Podcast: Mad Things

Posted by on May 17th, 2015
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It’s a spoiler-laden discussion of Mad Max: Fury Road this week. Plus, the intersection of cult-building in movies and real life.
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Download url: http://www.itricks.com/upload/WeirdThings051715.mp3



Mad Max: Fury Road

Andrew: Tales Of The Grim Sleeper

Brian: Rise of the Warrior Cop: The Militarization of America’s Police Forces

Justin: Dear Zachary

4 Responses to “Podcast: Mad Things”

  1. Dustin Manning Says:

    Speaking of manipulative but still wildly fascinating documentaries I highly suggest the Seven Five, about one of the worst of the crooked cop bunch in the late 80’s NYC.
    Also being released on Tuesday may 19 is a book I can’t recommend highly enough for you three; Neal Stephenson’s Seveneves. A highly complex and very technical hard sci-if noble about what happens when the moon explodes. Phenomenal read ( so far, I’m 300 pages in out of 800).

  2. Anonymous Says:

    oh, I want to read that and Kim Stanley Robinson’s new one, “Aurora.”

  3. Anonymous Says:

    It is good that Justin said “society is hard.” That is what government is, it is people. Not something to be demonized to death.

    Just as NBC reports 2014 officer deaths are up from 2013 totals, Radley Balko has written it has never been safer to be a cop since WWII. Cops do tend to say they are working in “war zones.”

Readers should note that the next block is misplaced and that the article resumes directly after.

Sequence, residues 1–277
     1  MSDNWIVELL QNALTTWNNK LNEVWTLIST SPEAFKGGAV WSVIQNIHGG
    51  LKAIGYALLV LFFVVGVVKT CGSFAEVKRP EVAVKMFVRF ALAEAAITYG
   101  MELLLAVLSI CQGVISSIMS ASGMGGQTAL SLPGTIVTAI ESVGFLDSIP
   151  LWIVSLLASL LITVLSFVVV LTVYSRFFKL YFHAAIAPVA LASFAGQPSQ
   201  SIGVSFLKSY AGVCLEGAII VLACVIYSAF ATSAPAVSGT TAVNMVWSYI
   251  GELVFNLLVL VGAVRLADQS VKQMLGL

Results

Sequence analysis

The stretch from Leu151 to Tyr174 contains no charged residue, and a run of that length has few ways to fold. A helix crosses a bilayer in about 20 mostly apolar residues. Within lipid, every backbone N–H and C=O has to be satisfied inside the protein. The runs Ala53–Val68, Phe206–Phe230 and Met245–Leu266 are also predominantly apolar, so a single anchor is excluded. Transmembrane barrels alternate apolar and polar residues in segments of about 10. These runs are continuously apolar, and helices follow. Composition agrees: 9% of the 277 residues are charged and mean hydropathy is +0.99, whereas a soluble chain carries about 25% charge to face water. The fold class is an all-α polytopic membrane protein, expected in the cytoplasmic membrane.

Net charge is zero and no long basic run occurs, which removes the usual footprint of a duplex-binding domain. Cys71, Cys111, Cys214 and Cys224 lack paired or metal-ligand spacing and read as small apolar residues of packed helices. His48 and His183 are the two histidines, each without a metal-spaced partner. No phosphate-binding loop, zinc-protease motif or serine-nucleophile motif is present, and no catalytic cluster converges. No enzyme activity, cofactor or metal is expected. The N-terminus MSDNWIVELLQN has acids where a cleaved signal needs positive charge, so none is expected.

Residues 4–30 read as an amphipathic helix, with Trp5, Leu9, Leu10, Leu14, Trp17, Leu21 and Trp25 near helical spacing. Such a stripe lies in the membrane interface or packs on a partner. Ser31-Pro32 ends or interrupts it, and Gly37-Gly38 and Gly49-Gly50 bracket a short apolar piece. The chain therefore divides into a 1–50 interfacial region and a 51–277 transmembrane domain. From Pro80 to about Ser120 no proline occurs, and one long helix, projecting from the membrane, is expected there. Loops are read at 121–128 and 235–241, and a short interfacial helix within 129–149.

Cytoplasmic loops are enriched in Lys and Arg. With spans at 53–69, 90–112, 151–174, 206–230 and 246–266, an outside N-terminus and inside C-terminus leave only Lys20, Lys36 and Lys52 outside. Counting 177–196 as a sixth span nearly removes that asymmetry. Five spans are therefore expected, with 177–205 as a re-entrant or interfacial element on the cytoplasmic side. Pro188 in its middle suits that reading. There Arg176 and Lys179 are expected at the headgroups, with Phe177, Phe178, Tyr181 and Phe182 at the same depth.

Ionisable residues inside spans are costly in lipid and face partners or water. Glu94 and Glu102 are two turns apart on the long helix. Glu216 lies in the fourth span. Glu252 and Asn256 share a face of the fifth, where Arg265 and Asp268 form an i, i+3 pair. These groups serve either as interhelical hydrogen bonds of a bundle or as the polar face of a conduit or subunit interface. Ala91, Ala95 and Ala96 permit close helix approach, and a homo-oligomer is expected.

It is a tough job. I like what that rapper Killer Mike (named that way for killing with the microphone) said on Bill Maher. He discussed what some of the cops do in Atlanta. They get out of the car and interact with the neighborhood.

    Isnt Fury Road more of a movie about car culture than any of the Fast & Furious movies?

    Anybody ever seen the low budget 2011 “Bellflower”? Not a fantastic movie but an interesting take on how a dude could become a Lord Humungus type. That is what Miller does, makes you wonder about back-stories.

  4. Anonymous Says:

    TheDissolve site talks about not “value-judging nostalgia.” Especially with the third prequel now being a decade old and young people having sites dedicated to it. Can you really criticize any scene in the prequels when the original trilogy had rubber alien masks and furry costumes?

    Probably the same will happen with this new generation Mad Max. Younger filmmakers will idolize it and make intense post-apocalyptic movies. Yet there are some reviewers who think The Road Warrior had a more emotional impact with the kid story.

    I remember recently Neal Stephenson was invited to talk about space elevators. io9 says he has some immense space structures in his new book.